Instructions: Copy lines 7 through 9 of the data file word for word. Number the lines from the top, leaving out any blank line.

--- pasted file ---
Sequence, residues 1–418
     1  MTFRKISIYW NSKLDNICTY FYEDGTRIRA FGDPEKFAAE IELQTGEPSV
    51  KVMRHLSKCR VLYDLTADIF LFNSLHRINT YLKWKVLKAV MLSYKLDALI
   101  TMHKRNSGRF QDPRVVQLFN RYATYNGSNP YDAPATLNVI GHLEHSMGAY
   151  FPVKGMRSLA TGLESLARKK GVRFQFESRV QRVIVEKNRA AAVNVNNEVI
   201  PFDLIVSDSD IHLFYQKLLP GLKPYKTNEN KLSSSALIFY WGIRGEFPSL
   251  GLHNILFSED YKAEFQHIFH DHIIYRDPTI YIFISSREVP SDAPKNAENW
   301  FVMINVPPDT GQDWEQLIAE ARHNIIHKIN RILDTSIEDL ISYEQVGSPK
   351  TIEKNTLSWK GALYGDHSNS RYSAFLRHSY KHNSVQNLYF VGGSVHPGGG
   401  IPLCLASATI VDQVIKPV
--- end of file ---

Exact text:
   251  GLHNILFSED YKAEFQHIFH DHIIYRDPTI YIFISSREVP SDAPKNAENW
   301  FVMINVPPDT GQDWEQLIAE ARHNIIHKIN RILDTSIEDL ISYEQVGSPK
   351  TIEKNTLSWK GALYGDHSNS RYSAFLRHSY KHNSVQNLYF VGGSVHPGGG